Chateau Le Puy barely needs introducing at this point… The wines from this 413-year-old estate caught on like wildfire from the moment we began importing them, some six years ago now. Between their flagship Emilien, their utterly unique Barthelemy, the value-driven Duc des Nauves, and more recent additions like Closerie Saint Roc and Pelan, they have changed the way many of us understand Bordeaux—of what this often-uninspiring region is truly capable of.
While reds comprise almost all of the Amoreau family’s production, there is a tiny 1.5-hectare planting of Semillon from the 1940s at Le Puy, with 15 or so Ugni Blanc plants mixed in. From these old vines, they produce a mere handful of barrels each year of an enchanting white wine “Marie-Cecile”–named after ancestor Barthelemy’s wife, who made the wine and ran the estate in the 1870s when the men were off fighting in the war.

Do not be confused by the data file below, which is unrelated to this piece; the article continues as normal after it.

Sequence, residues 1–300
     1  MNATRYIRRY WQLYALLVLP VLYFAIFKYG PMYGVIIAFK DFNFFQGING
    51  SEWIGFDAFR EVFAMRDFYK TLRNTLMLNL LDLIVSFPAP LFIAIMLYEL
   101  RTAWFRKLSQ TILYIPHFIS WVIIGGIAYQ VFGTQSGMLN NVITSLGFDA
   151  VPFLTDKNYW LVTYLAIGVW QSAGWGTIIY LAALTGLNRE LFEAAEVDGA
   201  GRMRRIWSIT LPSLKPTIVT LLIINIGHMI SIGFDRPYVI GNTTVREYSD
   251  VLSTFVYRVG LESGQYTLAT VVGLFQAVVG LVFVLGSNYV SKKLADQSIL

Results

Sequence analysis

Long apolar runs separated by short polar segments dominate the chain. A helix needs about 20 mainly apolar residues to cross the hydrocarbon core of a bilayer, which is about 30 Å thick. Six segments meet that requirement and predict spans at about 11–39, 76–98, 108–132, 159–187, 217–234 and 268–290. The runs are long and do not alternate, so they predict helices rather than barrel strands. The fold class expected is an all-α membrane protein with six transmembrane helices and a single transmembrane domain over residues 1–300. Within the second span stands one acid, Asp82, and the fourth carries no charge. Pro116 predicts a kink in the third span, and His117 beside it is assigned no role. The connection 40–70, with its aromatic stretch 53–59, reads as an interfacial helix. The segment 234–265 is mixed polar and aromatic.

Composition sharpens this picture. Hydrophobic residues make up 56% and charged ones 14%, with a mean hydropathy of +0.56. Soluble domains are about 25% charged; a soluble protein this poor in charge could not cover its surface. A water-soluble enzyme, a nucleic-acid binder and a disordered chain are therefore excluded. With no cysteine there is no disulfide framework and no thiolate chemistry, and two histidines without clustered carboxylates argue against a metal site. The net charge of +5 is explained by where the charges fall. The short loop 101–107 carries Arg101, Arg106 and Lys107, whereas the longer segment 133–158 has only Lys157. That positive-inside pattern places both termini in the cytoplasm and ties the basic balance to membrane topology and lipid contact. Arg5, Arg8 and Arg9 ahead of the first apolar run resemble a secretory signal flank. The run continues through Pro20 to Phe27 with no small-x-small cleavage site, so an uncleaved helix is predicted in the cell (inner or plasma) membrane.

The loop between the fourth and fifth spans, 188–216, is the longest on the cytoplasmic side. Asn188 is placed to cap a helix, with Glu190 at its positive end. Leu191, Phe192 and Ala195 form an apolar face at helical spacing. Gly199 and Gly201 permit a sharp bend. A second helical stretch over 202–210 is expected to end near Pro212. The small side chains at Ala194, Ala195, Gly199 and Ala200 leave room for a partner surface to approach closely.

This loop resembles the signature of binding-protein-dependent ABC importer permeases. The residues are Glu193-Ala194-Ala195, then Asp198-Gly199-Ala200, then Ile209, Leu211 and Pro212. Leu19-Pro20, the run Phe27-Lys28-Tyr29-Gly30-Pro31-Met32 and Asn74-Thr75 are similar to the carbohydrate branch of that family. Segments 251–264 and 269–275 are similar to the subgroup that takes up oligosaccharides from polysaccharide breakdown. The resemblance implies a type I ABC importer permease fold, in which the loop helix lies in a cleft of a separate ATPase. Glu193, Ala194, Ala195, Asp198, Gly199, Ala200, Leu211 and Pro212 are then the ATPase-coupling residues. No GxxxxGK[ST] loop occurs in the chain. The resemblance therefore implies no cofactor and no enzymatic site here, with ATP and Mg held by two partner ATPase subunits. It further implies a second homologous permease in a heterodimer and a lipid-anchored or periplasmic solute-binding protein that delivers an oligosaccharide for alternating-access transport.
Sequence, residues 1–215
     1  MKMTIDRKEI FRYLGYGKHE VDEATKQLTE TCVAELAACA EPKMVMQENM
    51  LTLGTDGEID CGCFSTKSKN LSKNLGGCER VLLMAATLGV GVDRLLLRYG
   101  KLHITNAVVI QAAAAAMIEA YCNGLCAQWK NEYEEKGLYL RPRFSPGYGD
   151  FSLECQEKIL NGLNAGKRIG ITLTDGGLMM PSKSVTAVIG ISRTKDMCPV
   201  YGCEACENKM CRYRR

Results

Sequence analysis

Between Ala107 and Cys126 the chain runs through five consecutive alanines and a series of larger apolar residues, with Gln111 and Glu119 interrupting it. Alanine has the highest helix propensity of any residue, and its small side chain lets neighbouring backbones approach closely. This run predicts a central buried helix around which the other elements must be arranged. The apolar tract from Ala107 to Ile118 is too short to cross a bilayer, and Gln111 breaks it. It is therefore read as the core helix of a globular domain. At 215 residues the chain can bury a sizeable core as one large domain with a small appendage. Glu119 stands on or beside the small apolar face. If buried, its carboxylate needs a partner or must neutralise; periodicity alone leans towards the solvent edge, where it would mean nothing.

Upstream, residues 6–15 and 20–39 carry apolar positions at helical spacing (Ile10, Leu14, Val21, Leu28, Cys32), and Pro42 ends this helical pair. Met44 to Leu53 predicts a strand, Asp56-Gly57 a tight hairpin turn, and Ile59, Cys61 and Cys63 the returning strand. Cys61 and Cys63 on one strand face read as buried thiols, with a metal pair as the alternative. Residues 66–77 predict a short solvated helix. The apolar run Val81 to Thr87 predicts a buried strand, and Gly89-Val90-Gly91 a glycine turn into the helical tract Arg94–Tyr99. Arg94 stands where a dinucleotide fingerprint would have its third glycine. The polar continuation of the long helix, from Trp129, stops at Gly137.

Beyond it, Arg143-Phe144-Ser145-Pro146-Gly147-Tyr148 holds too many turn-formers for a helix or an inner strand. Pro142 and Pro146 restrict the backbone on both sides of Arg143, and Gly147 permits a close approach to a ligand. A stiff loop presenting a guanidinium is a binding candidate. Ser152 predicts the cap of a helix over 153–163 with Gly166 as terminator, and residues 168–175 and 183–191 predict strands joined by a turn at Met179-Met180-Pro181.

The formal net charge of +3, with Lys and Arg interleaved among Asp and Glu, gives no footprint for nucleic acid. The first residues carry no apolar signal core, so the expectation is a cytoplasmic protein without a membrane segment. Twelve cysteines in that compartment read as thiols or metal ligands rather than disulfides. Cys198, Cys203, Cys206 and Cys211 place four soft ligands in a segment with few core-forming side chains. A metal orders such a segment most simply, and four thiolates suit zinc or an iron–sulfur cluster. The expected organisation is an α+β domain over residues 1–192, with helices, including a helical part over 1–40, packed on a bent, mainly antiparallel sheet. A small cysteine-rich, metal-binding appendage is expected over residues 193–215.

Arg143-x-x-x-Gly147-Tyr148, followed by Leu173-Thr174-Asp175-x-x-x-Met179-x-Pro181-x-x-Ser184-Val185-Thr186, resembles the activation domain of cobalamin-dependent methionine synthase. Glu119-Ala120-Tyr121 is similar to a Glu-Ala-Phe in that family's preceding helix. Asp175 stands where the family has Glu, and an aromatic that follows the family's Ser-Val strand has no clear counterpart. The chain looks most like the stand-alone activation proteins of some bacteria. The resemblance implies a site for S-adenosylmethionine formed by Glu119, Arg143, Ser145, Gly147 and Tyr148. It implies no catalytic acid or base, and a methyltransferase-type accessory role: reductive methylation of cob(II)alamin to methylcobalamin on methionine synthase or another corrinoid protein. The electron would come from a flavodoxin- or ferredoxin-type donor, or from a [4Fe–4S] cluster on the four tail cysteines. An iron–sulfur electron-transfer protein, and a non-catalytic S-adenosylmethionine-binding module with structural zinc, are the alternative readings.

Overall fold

Marie-Cecile is pressed slowly, and undergoes natural fermentation without temperature control in old 228-liter barrels. Like its red counterpart Barthelemy, Marie-Cecile is never racked, and instead is “dynamized” every few days during its elevage, slowly absorbing all of the lees into the wine and giving it stability of structure. This allows it to be produced with no added sulfur whatsoever, thereby preserving the Semillon’s haunting texture in full.
Suffice to say, there is no other white Bordeaux remotely like this. We are fortunate to get a splash here and there when we can, and even as Le Puy’s largest export market our access to Marie-Cecile is spotty at best. As is always the case with this estate, Marie-Cecile is gorgeously packaged in a slightly flaring Bordeaux bottle capped with soft yellow wax, in wooden 6-pack boxes.
More on Château le Puy here.